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Low-temperature synthesis of graphene on Cu using plasma-assisted thermal chemical vapor deposition

Shih-Hao Chan1, Sheng-Hui Chen1, Wei-Ting Lin1, Meng-Chi Li3, Yung-Chang Lin4 and Chien-Cheng Kuo12*

Author affiliations

1 Department of Optics and Photonics/Thin Film Technology Center, National Central University, 300 Chung-Da Rd, Chung-Li, 32001, Taiwan

2 Graduate Institute of Energy Engineering/Thin Film Technology Center, National Central University, 300 Chung-Da Rd, Chung-Li, 32001, Taiwan

3 Optical Science Center/Thin Film Technology Center, National Central University, 300 Chung-Da Rd, Chung-Li, 32001, Taiwan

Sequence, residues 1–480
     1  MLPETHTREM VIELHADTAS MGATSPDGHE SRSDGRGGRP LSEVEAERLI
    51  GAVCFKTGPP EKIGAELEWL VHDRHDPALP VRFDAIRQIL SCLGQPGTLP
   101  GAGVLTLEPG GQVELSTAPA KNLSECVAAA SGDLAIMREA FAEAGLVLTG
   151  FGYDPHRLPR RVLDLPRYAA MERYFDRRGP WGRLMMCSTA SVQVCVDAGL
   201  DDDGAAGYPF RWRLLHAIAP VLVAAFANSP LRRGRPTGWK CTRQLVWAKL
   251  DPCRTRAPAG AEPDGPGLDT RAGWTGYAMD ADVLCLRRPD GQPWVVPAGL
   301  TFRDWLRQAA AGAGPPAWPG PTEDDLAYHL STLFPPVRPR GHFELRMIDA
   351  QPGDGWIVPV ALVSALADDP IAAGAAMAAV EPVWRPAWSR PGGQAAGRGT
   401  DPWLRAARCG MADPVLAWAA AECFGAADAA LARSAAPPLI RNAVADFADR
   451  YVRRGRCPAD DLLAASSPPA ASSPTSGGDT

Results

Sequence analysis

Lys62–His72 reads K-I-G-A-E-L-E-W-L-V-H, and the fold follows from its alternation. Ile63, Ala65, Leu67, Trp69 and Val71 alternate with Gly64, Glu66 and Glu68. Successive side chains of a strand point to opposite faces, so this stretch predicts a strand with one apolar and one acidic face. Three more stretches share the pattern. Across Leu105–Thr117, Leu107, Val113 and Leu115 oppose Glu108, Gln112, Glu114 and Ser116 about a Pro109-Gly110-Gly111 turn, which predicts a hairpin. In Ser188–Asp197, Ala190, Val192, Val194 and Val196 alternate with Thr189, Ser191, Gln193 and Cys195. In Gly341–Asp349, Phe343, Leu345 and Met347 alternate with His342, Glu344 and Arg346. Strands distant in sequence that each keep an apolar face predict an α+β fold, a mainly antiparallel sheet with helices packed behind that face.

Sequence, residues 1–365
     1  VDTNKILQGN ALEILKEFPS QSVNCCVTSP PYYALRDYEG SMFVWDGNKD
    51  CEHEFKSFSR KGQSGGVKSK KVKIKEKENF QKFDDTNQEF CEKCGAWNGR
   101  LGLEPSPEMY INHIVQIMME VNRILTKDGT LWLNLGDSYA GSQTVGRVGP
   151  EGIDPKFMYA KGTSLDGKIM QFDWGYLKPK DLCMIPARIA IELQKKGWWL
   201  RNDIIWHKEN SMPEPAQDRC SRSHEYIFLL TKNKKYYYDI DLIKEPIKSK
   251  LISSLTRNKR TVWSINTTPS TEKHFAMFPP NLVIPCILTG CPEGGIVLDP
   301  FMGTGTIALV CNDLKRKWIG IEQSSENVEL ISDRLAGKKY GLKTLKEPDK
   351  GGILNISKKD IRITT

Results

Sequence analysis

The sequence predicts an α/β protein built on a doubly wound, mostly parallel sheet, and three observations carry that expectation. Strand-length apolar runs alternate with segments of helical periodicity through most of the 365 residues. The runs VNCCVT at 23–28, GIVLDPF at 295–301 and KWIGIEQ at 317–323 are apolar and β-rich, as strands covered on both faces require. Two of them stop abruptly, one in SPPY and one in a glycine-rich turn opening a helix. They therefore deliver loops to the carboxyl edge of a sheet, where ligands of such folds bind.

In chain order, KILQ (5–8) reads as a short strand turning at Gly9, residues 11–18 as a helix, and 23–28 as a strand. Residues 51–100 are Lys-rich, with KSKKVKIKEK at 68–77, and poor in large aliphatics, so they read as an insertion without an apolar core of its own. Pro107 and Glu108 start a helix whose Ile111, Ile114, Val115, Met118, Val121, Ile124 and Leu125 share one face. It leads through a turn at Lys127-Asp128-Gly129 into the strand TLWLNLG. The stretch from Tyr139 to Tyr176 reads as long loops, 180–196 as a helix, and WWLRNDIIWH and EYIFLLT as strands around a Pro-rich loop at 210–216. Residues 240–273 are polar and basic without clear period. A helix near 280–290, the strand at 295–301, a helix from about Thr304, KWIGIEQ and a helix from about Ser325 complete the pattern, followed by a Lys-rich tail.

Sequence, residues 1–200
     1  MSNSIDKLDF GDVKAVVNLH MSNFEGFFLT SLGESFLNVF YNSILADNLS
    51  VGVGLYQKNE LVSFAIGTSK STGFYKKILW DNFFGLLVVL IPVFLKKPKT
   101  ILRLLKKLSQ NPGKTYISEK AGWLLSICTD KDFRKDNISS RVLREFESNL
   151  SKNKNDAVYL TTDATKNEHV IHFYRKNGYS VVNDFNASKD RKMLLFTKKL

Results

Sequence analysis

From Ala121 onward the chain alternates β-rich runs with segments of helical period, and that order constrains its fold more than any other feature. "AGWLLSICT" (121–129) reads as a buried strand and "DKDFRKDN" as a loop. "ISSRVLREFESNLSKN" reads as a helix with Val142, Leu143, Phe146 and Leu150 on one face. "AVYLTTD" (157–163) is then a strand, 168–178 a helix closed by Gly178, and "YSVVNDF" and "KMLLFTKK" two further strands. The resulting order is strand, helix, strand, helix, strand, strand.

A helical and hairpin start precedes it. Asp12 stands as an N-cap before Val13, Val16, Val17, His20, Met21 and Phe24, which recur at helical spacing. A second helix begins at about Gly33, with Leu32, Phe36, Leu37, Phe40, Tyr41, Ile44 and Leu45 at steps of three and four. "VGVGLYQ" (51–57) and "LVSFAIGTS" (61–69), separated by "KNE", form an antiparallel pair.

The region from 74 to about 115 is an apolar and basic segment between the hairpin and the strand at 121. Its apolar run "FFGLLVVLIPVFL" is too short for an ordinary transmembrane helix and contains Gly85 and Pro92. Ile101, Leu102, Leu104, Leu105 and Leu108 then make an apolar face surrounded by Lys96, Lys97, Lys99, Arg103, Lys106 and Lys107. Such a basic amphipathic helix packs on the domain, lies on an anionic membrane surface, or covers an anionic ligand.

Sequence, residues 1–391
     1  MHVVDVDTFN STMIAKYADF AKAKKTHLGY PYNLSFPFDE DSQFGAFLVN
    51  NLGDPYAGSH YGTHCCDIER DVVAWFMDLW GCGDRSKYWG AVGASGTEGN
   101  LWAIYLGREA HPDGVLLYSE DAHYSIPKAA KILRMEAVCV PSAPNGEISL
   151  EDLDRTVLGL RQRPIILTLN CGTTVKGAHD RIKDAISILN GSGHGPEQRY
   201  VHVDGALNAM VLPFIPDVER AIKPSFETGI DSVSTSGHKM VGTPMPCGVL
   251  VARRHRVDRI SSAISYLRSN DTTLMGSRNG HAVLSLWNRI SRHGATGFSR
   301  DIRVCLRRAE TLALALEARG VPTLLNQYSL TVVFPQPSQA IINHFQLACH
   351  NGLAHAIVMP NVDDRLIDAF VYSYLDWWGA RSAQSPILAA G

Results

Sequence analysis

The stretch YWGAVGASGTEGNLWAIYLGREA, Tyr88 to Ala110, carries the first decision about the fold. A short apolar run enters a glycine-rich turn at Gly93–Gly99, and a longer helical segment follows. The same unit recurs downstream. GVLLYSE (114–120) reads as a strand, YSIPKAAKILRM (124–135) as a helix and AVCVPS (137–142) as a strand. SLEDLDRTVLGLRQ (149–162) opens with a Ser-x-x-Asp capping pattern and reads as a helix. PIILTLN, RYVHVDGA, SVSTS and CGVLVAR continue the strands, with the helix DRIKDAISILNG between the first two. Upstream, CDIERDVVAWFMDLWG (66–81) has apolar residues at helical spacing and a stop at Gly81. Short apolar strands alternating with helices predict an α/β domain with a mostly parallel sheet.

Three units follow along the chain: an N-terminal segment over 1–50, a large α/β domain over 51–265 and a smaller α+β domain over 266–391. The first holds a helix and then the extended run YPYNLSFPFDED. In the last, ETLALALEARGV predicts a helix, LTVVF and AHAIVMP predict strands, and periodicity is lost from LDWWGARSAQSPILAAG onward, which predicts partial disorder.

4 Nanotube Research Center, National Institute of Advanced Industrial Science and Technology, AIST Central 5, 1-1-1 Higashi, Tsukuba, 305-8565, Japan

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Citation and License

Nanoscale Research Letters 2013, 8:285  doi:10.1186/1556-276X-8-285

The electronic version of this article is the complete one and can be found online at: http://www.nanoscalereslett.com/content/8/1/285

Received:10 May 2013
Accepted:5 June 2013
Published:12 June 2013

© 2013 Chan et al.; licensee Springer.

This is an Open Access article distributed under the terms of the Creative Commons Attribution License (http://creativecommons.org/licenses/by/2.0), which permits unrestricted use, distribution, and reproduction in any medium, provided the original work is properly cited.